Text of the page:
Onwubiko, please note the above in order to get it right, and for marketing not to suffer in your business.
Those urging you to slow down on what they perceive as your ‘dangerous passion’ towards engaging family members (for marketing to subsequently have a bashing), should not be brushed aside. Take a closer look at their reasoning, in line with my suggestions below, on managing your two companies effectively, and at the same time accommodate family-related issues in ways that will not make for regrets later:
– Even where you may be nursing the hope of your son or daughter taking charge of affairs at your retirement, or even passing away, note that your offspring becoming the chief executive officer or CEO should not be automatic. Have you subjected your intended successor to exposures of learning the business, from ground-up? What about accountability, in order to earn respect over a period and being mindful of the traditions, legacy of those who set up and ran the business before the new helmsman (or woman).
– As running most family businesses is similar to doing same in small enterprises, have you made provision for absorbing likely family problems which may occur? These are exemplified by typical arguments over daily operations; high turnover rates among non-family employees (who often suspect nepotism and feel neglected, with suspicion of not having any future in the place); difference in opinion about dividing and spending profit. This is why I suggest the provision for a Board of Directors. With such, even if a son calls the shot as CEO, the Board (comprising of family members and maybe other investors) should retain the ultimate authority and powers to influence the makeup of the entire management team.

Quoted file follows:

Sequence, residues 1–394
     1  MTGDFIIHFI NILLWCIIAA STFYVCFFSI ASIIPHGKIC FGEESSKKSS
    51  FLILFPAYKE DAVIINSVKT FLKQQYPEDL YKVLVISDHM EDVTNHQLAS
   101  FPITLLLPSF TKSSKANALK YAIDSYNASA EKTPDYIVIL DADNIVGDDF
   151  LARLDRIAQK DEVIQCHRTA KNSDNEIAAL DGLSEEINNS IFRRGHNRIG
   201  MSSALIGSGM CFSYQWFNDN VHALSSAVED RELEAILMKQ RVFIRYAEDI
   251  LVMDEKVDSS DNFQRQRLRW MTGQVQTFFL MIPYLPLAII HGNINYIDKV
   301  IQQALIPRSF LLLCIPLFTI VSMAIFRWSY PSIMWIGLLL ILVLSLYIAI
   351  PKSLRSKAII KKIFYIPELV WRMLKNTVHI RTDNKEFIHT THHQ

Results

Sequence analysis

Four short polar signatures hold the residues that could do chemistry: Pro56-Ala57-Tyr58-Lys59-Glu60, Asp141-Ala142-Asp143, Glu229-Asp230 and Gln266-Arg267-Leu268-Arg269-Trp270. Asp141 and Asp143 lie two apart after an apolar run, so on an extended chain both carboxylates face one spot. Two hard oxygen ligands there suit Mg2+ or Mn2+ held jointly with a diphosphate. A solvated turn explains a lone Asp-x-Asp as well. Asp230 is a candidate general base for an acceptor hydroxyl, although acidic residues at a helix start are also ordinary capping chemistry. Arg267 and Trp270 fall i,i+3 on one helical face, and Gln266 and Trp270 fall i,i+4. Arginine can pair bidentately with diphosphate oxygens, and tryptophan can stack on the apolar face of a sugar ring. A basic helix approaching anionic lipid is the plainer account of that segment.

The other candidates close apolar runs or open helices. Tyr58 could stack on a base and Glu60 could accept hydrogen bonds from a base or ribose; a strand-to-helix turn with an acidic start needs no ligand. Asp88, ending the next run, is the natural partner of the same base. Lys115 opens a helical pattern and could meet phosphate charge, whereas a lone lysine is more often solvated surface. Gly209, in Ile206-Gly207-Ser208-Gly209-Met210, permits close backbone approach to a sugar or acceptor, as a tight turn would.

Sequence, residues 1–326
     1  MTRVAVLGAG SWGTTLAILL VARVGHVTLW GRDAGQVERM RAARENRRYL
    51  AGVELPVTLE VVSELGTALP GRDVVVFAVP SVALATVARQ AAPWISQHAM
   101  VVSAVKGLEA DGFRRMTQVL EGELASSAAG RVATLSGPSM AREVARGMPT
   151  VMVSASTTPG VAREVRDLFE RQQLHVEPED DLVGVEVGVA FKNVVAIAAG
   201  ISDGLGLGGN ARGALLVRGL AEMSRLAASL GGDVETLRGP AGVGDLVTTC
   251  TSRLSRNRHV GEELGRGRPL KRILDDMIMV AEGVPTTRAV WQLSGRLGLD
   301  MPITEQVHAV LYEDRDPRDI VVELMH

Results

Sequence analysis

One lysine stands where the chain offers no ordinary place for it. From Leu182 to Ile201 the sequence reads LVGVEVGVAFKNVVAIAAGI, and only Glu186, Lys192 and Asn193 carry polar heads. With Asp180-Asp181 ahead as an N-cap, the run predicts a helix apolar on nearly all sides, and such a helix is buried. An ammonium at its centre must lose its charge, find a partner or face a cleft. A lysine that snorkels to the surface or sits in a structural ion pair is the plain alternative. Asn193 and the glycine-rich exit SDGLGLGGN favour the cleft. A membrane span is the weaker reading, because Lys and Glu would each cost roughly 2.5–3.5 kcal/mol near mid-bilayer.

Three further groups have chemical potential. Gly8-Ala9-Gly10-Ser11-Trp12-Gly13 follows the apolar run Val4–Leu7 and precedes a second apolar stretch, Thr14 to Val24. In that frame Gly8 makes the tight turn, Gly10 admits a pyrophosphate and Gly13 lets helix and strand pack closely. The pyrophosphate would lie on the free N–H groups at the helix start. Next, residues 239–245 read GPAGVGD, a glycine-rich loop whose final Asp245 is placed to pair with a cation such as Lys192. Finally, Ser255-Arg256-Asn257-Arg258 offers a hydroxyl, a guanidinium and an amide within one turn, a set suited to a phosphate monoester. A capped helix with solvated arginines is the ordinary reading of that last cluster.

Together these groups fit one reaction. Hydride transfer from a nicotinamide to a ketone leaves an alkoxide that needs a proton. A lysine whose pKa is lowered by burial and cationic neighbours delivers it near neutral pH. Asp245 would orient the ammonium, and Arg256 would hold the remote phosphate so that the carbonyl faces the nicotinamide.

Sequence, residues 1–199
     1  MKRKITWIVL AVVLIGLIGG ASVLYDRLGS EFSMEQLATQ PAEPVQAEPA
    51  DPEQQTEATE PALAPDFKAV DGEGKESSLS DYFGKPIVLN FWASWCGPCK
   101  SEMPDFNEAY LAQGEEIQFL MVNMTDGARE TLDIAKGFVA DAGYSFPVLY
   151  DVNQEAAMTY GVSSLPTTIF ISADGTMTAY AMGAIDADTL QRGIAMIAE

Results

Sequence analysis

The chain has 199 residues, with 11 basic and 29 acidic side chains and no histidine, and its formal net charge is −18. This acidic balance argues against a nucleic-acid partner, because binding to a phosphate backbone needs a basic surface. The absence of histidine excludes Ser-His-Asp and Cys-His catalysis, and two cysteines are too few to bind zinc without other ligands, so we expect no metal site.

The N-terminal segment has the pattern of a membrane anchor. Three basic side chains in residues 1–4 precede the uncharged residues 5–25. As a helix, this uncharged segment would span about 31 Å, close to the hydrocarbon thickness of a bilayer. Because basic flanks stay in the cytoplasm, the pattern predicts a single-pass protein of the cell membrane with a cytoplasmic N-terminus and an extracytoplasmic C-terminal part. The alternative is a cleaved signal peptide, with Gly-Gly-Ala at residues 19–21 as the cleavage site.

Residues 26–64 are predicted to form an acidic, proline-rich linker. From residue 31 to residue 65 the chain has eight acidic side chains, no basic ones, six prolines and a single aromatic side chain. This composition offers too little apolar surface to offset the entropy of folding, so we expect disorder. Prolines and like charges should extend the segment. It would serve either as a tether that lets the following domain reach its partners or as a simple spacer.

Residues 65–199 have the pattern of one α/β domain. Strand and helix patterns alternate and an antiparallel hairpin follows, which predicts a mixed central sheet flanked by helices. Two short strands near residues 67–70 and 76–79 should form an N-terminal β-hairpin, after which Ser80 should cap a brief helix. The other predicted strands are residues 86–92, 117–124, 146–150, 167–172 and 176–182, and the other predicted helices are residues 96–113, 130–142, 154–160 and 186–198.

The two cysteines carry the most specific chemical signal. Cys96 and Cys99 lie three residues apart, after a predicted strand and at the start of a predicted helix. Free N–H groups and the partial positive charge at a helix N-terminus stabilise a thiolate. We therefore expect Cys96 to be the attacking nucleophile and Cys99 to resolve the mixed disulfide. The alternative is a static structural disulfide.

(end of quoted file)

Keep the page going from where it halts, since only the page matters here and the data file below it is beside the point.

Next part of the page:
– Have you exposed your offspring to the essence of not being unduly competitive within their siblings or cousins? What about how to work together as a team; how to share responsibilities and meet expectations; avoidance of personality clashes? Whoever is the overall boss (and a member of the family) should be able to negotiate between family members, to arrive at the best decisions for the company. Is there any provision for hiring a non-family member, as the boss, in case of a family rancor?
– Communication being the key to any business, calls for discussions on individual roles and responsibilities; defined expectations; acceptance of the company’s terms of engagement. These help prevent threats later. Employees should be rewarded based on competence and performance, not genetics. Family feud should be left at home. Where family conflicts are not attended to outside of the office, the ‘big stick’ may be applied, if conflicting members fail to abide.
– As you provide for “not all work, and no play” (taking out time for family vacations, weekend outings), remember to have a Succession Plan – “Who takes over when I am gone?” Note that good succession plan provides for guidance through any change of management and help to prevent conflict.